Chinese chemical blasts: 114 dead, 57 still missing

Updated 12:35 AM EDT, Tue August 18, 2015
A woman (C) holds a name list of missing firefighters as family members talk to media to seek for help after being barred from a press conference authorities have at a hotel in Tianjin on August 15, 2015. Furious, frustrated and fearful, relatives of the missing in giant explosions in Tianjin besieged officials on August 15 demanding answers on their loved ones's fates- only for security to intervene instead.CHINA OUT     AFP PHOTO        (Photo credit should read STR/AFP/Getty Images)
STR/AFP/AFP/Getty Images
A woman (C) holds a name list of missing firefighters as family members talk to media to seek for help after being barred from a press conference authorities have at a hotel in Tianjin on August 15, 2015. Furious, frustrated and fearful, relatives of the missing in giant explosions in Tianjin besieged officials on August 15 demanding answers on their loved ones's fates- only for security to intervene instead.CHINA OUT AFP PHOTO (Photo credit should read STR/AFP/Getty Images)
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A resident injured by the explosions that hit a nearby chemical warehouse last week holds a photo of herself injured as she joins a protest outside the hotel where authorities are holding a press conferences in Tianjin on August 17, 2015. Rescuers at a Chinese industrial site where huge explosions killed at least 114 people combed through thousands of crushed shipping containers on August 17 in an effort to contain vast amounts of highly toxic cyanide, officials said, as state-run media lambasted authorities for their response to the tragedy. CHINA OUT AFP PHOTOSTR/AFP/Getty Images
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A resident injured by the explosions that hit a nearby chemical warehouse last week holds a photo of herself injured as she joins a protest outside the hotel where authorities are holding a press conferences in Tianjin on August 17, 2015. Rescuers at a Chinese industrial site where huge explosions killed at least 114 people combed through thousands of crushed shipping containers on August 17 in an effort to contain vast amounts of highly toxic cyanide, officials said, as state-run media lambasted authorities for their response to the tragedy. CHINA OUT AFP PHOTOSTR/AFP/Getty Images
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An explosion took place in China's northern city of Tianjin late Wednesday, August 12, 2015 evening, according to China's state-owned broadcaster CCTV. The explosion occurred at a container port where flammable material was being stored in containers, says CCTV. Residents report hearing loud explosions and feeling strong tremors nearby. The Teda Hospital, located near the scene of explosion, has received more than 50 injured people, the country's state-run Xinhua news agency reported.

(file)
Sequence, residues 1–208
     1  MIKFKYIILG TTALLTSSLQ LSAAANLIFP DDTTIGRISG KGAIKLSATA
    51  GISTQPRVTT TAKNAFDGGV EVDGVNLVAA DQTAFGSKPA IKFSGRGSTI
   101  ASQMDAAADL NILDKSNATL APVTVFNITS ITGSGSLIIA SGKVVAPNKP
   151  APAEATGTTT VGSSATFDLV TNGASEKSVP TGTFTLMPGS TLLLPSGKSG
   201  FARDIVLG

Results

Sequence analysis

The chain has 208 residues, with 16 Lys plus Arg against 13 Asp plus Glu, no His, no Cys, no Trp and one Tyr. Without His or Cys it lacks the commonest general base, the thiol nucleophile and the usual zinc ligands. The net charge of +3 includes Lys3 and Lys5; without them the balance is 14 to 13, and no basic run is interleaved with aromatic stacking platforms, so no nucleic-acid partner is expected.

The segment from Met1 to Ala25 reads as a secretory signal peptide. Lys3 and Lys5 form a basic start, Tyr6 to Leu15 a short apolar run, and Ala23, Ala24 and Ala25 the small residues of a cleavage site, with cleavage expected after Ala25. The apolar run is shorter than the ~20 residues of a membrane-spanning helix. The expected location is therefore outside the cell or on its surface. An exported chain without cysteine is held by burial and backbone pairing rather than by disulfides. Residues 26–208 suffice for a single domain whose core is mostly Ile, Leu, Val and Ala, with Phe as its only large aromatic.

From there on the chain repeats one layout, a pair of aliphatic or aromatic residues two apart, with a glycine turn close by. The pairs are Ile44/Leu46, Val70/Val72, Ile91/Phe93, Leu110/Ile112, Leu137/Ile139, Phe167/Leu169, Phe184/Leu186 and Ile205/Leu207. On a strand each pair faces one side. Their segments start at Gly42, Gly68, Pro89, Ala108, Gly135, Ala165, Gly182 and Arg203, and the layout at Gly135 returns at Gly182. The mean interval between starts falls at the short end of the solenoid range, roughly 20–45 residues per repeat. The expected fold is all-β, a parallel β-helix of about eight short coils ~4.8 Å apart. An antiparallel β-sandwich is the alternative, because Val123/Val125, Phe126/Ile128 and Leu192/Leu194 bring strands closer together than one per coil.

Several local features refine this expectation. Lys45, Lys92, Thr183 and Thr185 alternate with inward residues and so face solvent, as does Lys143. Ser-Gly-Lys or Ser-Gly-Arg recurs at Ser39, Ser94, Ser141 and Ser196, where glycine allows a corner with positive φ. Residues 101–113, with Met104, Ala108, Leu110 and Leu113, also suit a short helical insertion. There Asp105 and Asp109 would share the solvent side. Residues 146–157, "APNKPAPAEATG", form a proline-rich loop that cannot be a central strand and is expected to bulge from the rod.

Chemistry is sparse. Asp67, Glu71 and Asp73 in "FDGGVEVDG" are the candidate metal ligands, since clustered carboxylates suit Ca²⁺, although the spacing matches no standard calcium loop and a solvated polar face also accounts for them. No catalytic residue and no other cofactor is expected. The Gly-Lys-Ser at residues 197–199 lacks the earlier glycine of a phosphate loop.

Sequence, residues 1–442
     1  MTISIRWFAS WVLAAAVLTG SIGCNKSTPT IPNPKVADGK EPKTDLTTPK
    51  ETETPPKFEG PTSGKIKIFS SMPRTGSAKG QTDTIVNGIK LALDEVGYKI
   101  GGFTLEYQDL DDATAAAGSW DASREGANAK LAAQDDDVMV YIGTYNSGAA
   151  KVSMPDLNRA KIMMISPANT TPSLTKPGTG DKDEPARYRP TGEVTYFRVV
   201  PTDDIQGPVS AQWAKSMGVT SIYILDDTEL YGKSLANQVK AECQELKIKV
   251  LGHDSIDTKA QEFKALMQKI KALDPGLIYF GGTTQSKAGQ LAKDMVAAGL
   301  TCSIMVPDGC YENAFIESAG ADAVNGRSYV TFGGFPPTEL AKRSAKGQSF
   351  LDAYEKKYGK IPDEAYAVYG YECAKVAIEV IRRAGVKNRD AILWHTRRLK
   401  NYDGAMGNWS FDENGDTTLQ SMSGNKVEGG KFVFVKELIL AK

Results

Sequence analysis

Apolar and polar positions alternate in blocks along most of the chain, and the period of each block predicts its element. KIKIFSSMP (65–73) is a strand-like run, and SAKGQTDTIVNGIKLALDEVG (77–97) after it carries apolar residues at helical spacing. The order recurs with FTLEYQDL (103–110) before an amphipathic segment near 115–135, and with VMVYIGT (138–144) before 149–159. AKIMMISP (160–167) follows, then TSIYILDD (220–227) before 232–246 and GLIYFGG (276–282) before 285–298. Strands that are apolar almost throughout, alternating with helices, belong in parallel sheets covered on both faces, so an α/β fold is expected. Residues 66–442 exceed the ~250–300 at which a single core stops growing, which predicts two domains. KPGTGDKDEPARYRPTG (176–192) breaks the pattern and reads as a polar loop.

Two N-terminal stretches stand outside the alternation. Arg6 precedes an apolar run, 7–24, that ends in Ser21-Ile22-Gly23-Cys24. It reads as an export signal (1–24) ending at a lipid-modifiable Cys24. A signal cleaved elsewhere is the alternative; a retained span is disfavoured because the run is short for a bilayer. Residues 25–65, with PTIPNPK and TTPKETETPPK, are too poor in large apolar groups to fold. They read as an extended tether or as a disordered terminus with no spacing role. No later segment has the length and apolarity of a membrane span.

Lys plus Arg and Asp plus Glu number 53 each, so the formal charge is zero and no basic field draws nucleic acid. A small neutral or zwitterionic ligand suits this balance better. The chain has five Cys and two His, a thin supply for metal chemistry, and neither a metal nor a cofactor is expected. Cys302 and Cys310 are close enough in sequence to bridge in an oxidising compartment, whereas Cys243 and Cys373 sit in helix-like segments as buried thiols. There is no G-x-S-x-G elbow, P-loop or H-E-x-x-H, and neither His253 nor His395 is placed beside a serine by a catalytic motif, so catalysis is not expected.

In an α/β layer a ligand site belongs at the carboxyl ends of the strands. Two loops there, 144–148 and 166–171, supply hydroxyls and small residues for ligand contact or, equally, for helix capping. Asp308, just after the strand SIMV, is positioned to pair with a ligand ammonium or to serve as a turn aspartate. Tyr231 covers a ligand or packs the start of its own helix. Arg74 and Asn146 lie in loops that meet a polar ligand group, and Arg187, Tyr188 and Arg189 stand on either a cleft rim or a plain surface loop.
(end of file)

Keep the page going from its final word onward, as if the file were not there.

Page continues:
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Story highlights

2,000 troops are searching areas within a 3-kilometer radius for hazardous material

An official says the air and water quality are fine

A search commander is expecting to find more bodies than survivors

(CNN) —  

Luo Shuhui’s home was 700 meters from the chemical warehouse that exploded last week, hurling fireballs into the sky.

Now, Luo and other nearby residents are livid at the government and want it to pay for their homes.

“I just want an answer from the government,” Luo said Sunday at a protest by local apartment owners. “Are the officials corrupt, or what? Why did they build a hazardous chemical warehouse near our home without telling us? Who would want to live next to a ticking time bomb? No one!”

It’s been four days since the explosions rocked the northeastern coastal city of Tianjin on Wednesday, killing at least 114 people, officials said – with many more bodies likely trapped in the rubble. At least 57 people are still missing, according to authorities.

Rescuers have found more than 50 people alive, said Tianjin government spokesman Gong Jiansheng. They include a 19-year-old firefighter who lay on the ground for hours with burns and a cracked skull until he was found, officials said.

Workers spent another day scouring heaps of rubble for possible survivors, but one of the military commanders in the effort said Sunday that the odds of finding anyone alive are slim.

Instead, Maj. Gen. Shi Luze said, he expects the search to yield more bodies.

The blasts, one of which had the force of more than 20 tons of TNT, left more than 700 people injured and thousands homeless, officials said.

Toxic concerns

Residents worried about lingering contamination.

“I asked my in-laws to take my daughter home. I don’t want them to stay here,” migrant worker Tian Binyan said. “I’m worried. I heard it’s going to rain later, and that would make the air toxic.”

Like Luo, Zhang Yuqin wants the government to buy out her home near the warehouse. She wears a surgical mask while outside, as do several other protesters.

“We haven’t been back home since the explosions,” Zhang said. “The soldiers wouldn’t let us into the compound. We heard they’re cleaning up our homes. We haven’t agreed to it, and don’t know why they’re cleaning up.”

’Lessons paid for with blood’

Chinese President Xi Jinping said Saturday that the Tianjin blasts and other recent accidents exposed severe problems in workplace safety and urged authorities to heed “safe growth” and “people’s interest first” in efforts to avoid such accidents, Xinhua reported.

He urged authorities to heed “safe growth” and the people’s interest first in efforts to avoid such accidents, the state news agency Xinhua reported.

The president also “urged authorities to learn from the ‘extremely profound’ lessons paid for with blood” in the Tianjin explosions, Xinhua reported.

Xi is demanding improvements to workplace safety, the agency added.